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Monday Morning Update 1/14/19

January 13, 2019 News 4 Comments

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The average acquired health system had annual revenue of $409 million in 2018, according to a new Kaufman Hall report on health system mega-mergers. Seven billion-plus dollar transactions skewed the average upward. 

Only 20 percent of the sellers were financially distressed, and 75 percent of the buyers were non-profit health systems that are anxious to grow. 

Kaufman Hall lists several reasons that health systems are expanding, all of them involving improving their own business rather than patient care. It notes that the line between for-profit and not-for-profit health systems is blurring, such as HCA’s acquisition of North Carolina-based Mission Health that also involves funding a local non-profit health trust.

The country’s largest health system, HCA, operates 178 hospitals with annual revenue of $43 billion. It is focusing on markets with increasing population and low unemployment.

Kaufman Hall recommends that health systems expand in markets with high growth or strong demographics, seek strong operational or clinical partners, and increase consumer engagement.

Reader Comments


From GuyFromMadna: “Re: Apple. More power to Tim Cook if he can somehow use Apple Watch to solve the crisis of $300 insulin vials or $3,000 out-of-network ED visits. It took me back to Joe Biden’s precision medicine initiative – whatever happened to it?” No technology company or technology itself can solve our mess of a healthcare system and globally underperforming public health. Cook is one of these: (a) naive, which is probable given that companies that have delved much deeper into healthcare than Apple have met their Vietnam after confidently proclaiming themselves disruptors; (b) confusing a narrowly defined view of health that pertains only to a few undiagnosed and often harmless maladies of IPhone-only users; or the most likely answer, (c) desperately trying to feint away from Apple’s rapidly slipping relevance as investors get wary. Claiming that Apple’s best is yet to come and that it involves an industry largely unexplored by Apple is, to me anyway, just silly. Meanwhile, former VP Biden just delivered the keynote address once again at StartUp Health Festival in San Francisco, railing against data silos and most likely thinking about his inevitable presidential run. I haven’t seen any news from his Biden Cancer Initiative, just like I’m still waiting for MD Anderson to justify that “making cancer history” business (no pun intended). At least you know there’s no good treatment for cancer if even rich people are still dying of it.

From AnonymousPlease: “Re: Mid Coast Hospital (ME). Had an extended computer or network outage recently, accordingly to a family member who was told by their lab tech that the computers were down. Sounds like there was an HVAC alarm in the data center that was ignored (reset). By the second time, many servers had overheated.” The hospital’s Twitter account is frozen in mid-2017 and their Facebook doesn’t mention an outage. It seems odd that someone would ignore a data center cooling warning, so I speculate that maybe they shut the alarm off while trying to mobilize an HVAC expert to investigate and then had the temperature get away from them. It would be a tough call to proactively start turning off servers in that situation and they may not have had enough time to activate whatever failover plan they have. Modern servers should be good to at least 110 degrees F, but their individual thermal safeguards can be programmed to take them down at a user-defined temperature. It is, of course, a nightmare trying to recover individual software systems that went down hard even after the server they run on has been brought back online, requiring the enlistment of individual system experts to look at potentially corrupted databases, run disk recovery, free up phantom user sessions, and assess what information was lost.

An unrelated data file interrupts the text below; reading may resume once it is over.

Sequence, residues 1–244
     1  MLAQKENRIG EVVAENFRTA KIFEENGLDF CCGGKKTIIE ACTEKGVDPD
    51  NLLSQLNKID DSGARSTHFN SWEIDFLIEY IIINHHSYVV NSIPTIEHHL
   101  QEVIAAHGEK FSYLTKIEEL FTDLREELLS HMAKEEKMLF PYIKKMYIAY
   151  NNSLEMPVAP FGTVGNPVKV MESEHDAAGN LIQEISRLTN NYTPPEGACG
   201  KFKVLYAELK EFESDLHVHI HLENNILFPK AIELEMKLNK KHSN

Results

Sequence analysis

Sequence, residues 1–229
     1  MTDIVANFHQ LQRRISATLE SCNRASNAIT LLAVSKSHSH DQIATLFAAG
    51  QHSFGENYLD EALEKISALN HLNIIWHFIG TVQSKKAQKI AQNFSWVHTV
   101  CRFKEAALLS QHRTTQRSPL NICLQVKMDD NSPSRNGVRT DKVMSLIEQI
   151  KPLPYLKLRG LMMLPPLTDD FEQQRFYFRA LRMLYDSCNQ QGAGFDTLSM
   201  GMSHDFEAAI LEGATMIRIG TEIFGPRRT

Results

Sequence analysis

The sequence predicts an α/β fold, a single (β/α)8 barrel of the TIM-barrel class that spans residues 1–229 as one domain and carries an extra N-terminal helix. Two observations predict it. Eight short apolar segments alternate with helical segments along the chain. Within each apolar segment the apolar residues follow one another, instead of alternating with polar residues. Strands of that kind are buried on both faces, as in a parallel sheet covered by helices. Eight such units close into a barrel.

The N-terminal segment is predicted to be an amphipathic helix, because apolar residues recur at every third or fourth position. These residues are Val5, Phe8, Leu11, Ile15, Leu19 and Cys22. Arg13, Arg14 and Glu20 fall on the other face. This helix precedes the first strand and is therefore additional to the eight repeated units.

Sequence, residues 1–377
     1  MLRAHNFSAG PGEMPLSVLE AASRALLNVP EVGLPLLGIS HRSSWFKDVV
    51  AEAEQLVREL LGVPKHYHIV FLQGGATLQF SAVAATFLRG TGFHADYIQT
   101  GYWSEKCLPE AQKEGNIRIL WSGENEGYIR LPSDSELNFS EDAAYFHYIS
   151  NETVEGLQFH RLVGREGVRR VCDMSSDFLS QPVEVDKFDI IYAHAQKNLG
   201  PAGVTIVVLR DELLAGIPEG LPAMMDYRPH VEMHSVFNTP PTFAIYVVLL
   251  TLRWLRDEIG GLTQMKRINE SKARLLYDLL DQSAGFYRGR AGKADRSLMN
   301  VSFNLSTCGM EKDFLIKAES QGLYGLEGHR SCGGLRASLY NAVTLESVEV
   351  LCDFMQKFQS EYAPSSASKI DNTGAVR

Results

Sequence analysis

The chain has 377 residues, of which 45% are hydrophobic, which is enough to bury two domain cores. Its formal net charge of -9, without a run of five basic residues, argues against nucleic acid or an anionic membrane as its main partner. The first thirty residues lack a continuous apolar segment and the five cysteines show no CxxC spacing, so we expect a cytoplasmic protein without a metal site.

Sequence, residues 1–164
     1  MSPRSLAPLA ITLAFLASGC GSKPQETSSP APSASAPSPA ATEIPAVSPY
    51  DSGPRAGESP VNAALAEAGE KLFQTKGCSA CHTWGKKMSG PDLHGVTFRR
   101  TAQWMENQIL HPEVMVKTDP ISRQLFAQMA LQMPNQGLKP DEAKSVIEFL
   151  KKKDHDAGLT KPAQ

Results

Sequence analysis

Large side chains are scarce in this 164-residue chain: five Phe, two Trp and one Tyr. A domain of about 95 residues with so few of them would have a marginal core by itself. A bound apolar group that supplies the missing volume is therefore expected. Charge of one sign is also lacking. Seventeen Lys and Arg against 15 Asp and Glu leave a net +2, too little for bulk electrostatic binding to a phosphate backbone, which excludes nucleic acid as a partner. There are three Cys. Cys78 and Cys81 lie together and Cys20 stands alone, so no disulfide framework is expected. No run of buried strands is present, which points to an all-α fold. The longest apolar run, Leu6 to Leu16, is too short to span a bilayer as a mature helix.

From Sticky Wicket: “Re: [publication name omitted.] How did they get ‘Bret’ Shafer in rewording another site’s story?” Misspelling Brent Shafer’s name and omitting his Chairman title is sloppy, but I won’t call the writer out since just a year ago she was finishing up college and working as an office assistant. That particular clickbait-heavy news aggregation site seems to hire from a single demographic of freshly-graduated, female journalism majors. It has an audience, so there’s not much else to say.


From Visual Acuity: “Re: National Federal of the Blind lawsuit against Epic. One of our residents is legally blind and can use Cerner using ZoomText, which we installed after trying the Cerner option that allows increasing some (but not all) font sizes. The resident has less flexibility since Zoomtext must be installed on individual machines and not through Citrix. I do think Cerner (and it sounds like Epic as well) could do a better job supporting accessibility even for physicians who aren’t legally blind, but who have reduced visual acuity.” Thanks for the tip on ZoomText. It offers a Windows-only screen magnifier, another version that includes reading screen contents and keypresses, and a super-product that provides those capabilities plus keyboard navigation, customization, and more expressive screen reading. It also sells a large-print keyboard with hotkeys that control its software. I agree that clinicians, especially those over 40 when presbyopia kicks in nearly universally, might find that their fatigue level, eye strain, and headaches from frequent computer use could benefit from a screen magnifier. I should also mention that Windows 10 has a screen magnifier built in – just press the Windows logo key plus the plus sign (or navigate through the Settings/Ease of Access menu options) – but I tried it and it seems laggy, although I haven’t tried ZoomText to compare. It’s hard to envision (no pun intended) how well a screen reader would work, however, so I don’t envy someone trying to navigate an EHR as the computer reads its screen contents aloud.